“If the city can’t force annexation, then they have to become innovative and creative,” said Sanderford, after quoting notes from the Texas Municipal League about why Senate Bill 6 was passed. “If the city of Belton can find innovative ways to use development agreements and voluntary annexation, I think we’ll blaze a new trail away from forced annexation. I just think that’s the better way forward.”
The three properties of Area 1 which are located on the east side of Toll Bridge Road, came under consideration for annexation when the owner of the southernmost property petitioned for voluntary annexation and when the two northern properties were subdivided and the northernmost was given to a family member which broke its development agreement. City staff recommended that the council annex all three properties; however the council instead decided to only annex the two southern properties, granted that the owner of the northern property plans to retain ownership of the property for a residence.
“The only thing that I would ask is that as part of the development agreement is that the property stays under the ownership of the family member,” said Leigh. “If they sell it while under the development agreement that’s essentially a subdivision. I just don’t want to create multiple loopholes to subdivide properties and bypass the intent of the development agreements.”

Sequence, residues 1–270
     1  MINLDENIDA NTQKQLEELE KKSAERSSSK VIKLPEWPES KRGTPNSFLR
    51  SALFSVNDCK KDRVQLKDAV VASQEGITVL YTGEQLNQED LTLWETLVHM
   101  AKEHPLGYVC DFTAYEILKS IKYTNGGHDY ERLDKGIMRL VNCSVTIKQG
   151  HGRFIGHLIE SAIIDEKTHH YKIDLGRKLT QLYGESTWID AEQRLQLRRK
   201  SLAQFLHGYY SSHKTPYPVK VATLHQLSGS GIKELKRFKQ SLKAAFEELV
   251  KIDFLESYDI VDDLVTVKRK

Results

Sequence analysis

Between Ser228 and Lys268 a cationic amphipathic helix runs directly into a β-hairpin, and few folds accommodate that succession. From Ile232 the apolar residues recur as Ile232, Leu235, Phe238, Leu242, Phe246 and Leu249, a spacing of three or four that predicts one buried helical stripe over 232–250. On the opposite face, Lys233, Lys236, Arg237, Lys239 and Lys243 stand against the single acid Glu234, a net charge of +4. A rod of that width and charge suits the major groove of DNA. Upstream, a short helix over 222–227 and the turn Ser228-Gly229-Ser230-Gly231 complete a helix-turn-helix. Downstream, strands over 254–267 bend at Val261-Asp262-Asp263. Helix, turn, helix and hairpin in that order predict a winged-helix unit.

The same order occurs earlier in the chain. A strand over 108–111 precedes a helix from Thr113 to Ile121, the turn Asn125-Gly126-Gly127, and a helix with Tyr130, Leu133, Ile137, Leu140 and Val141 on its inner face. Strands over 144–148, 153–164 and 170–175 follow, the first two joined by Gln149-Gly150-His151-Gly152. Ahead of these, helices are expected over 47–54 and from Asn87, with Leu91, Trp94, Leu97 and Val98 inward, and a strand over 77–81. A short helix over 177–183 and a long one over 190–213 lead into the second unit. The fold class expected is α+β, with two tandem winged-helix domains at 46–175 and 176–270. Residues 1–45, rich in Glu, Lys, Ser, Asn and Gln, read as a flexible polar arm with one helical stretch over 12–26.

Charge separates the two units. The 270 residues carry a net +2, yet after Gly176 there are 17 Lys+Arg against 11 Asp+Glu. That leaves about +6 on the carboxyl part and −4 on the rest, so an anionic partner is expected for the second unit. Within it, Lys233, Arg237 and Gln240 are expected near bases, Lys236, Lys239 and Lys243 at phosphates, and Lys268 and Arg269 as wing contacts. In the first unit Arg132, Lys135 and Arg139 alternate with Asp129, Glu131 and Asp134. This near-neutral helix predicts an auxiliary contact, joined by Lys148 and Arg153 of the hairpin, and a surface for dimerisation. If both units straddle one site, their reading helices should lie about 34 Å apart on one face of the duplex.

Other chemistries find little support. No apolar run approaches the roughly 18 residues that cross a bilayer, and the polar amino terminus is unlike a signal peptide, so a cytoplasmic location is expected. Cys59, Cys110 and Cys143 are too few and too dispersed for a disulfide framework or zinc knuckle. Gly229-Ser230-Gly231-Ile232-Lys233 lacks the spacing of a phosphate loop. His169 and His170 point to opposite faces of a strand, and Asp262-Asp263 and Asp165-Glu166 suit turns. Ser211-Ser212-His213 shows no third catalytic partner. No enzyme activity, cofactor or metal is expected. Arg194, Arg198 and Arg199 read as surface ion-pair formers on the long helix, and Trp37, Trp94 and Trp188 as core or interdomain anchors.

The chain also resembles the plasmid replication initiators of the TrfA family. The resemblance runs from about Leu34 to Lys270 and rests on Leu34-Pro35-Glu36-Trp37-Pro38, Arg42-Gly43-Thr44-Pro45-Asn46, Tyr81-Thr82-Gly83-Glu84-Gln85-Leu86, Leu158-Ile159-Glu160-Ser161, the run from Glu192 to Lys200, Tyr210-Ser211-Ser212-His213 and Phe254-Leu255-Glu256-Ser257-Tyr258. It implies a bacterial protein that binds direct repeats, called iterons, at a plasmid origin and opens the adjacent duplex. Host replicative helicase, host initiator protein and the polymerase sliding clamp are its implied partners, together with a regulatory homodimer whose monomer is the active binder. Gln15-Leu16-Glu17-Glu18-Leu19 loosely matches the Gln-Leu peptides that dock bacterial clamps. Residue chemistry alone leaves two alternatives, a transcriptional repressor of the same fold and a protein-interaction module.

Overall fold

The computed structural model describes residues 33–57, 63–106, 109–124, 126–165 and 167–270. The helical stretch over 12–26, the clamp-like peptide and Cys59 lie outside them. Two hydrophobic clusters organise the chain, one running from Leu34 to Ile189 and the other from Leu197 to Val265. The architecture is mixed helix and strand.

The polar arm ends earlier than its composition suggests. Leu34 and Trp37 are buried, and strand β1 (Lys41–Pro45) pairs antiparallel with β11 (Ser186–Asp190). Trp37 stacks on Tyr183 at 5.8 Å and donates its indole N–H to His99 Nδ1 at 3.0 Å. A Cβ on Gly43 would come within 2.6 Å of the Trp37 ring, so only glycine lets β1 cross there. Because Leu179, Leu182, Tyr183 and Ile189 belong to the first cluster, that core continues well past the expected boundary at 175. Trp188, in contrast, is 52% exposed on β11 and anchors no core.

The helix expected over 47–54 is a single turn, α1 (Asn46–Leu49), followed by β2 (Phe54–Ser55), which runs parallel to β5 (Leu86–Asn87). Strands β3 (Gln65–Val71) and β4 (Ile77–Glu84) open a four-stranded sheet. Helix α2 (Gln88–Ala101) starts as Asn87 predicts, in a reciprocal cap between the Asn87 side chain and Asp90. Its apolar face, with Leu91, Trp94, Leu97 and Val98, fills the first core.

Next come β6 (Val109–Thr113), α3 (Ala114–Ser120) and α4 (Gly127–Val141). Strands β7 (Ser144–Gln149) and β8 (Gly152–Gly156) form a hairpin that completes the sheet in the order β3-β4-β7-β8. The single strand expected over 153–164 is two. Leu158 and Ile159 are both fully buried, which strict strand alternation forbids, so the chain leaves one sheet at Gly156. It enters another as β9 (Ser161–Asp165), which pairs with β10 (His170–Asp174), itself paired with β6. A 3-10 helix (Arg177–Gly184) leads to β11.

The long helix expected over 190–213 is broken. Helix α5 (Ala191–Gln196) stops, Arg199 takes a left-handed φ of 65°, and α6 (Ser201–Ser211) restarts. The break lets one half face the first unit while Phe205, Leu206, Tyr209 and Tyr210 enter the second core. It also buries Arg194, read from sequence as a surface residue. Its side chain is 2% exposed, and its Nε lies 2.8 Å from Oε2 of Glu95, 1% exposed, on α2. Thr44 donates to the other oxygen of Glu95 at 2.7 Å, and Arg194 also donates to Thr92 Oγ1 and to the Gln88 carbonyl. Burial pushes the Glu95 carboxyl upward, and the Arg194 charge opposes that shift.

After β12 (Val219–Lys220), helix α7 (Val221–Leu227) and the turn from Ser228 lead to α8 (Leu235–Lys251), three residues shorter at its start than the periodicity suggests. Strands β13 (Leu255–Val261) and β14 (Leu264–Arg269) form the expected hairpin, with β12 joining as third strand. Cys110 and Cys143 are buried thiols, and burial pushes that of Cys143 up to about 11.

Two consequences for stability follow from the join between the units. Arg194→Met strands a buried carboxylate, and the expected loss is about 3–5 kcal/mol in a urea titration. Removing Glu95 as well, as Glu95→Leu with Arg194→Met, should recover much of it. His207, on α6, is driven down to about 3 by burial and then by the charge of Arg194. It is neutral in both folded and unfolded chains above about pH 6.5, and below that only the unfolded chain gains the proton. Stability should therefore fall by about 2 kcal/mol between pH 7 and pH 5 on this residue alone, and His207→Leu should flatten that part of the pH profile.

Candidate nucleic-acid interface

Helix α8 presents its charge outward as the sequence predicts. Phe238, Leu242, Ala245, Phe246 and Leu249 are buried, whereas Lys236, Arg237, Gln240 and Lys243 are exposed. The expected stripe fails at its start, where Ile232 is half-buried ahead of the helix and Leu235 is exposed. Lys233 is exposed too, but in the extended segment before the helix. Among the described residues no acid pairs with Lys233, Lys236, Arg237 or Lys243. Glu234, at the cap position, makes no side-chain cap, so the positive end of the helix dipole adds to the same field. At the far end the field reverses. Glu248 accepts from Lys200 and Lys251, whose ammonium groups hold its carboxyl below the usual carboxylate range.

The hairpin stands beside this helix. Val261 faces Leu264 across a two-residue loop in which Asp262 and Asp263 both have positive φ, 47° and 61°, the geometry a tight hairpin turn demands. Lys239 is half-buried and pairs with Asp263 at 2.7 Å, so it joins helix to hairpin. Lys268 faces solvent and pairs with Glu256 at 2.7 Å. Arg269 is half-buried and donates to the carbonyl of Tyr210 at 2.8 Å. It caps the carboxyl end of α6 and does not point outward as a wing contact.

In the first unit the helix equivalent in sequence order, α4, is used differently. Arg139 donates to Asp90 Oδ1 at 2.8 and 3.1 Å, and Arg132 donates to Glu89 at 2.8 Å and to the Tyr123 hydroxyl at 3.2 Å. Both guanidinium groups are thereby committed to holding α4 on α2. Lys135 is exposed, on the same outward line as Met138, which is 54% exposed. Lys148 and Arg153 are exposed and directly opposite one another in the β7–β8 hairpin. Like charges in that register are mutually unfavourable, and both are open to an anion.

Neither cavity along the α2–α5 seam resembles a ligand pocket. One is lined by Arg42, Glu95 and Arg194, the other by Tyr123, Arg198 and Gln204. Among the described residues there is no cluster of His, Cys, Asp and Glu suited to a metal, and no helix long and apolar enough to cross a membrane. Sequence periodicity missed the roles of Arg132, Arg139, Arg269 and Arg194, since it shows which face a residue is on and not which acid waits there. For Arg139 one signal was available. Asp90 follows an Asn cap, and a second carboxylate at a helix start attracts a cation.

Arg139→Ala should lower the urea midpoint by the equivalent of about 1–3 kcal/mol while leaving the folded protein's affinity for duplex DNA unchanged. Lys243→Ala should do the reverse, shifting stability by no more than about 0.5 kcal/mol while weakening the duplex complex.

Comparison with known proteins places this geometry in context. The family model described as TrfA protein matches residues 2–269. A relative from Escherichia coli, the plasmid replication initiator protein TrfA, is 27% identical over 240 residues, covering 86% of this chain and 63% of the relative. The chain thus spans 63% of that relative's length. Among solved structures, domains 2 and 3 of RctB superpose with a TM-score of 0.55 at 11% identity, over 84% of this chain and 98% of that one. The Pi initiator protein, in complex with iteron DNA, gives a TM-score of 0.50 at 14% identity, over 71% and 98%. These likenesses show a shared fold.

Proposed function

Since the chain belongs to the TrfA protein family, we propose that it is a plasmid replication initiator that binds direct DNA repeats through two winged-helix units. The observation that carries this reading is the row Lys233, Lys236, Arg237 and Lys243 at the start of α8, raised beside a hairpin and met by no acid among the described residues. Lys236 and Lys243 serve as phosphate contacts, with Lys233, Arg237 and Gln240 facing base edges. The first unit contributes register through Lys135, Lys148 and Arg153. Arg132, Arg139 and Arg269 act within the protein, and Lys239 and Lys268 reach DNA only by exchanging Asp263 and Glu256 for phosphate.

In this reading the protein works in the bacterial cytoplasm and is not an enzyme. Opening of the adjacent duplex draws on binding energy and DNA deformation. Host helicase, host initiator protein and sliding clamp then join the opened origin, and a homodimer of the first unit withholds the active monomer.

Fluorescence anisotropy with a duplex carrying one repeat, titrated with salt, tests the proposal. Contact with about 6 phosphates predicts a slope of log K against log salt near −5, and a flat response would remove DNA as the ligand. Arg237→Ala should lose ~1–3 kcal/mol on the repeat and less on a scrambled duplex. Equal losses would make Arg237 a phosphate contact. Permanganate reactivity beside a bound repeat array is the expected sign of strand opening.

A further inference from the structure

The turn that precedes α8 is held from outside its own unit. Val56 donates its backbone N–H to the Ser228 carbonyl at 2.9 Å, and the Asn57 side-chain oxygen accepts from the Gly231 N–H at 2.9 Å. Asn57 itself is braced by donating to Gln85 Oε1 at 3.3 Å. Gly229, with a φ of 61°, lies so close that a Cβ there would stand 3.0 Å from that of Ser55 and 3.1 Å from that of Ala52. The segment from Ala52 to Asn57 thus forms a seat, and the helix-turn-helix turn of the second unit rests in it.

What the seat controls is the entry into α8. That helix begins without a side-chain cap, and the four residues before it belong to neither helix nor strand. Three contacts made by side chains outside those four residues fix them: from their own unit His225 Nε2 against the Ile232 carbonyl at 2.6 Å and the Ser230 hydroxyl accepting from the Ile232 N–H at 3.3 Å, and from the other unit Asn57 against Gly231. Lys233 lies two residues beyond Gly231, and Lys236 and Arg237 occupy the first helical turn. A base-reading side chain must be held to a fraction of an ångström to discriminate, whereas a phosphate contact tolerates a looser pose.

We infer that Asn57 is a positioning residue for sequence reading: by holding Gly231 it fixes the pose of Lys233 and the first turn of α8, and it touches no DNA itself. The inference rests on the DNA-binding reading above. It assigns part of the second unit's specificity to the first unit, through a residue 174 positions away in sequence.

Area 2, which was primarily targeted for annexation to support the infrastructure around the new BISD school site, was split into two different groups. The first group consisted of properties eligible for annexation both around the new school site and those along the Shanklin Road corridor.
City staff recommended that the council annex all 152.46 acres of the study area, and again the council instead decided to only annex 112.5 acres centered around the new school site and extending a quarter mile south of the site down N/S Shanklin Road. This motion was passed 5:2 again with Sanderford and Holmes voting against.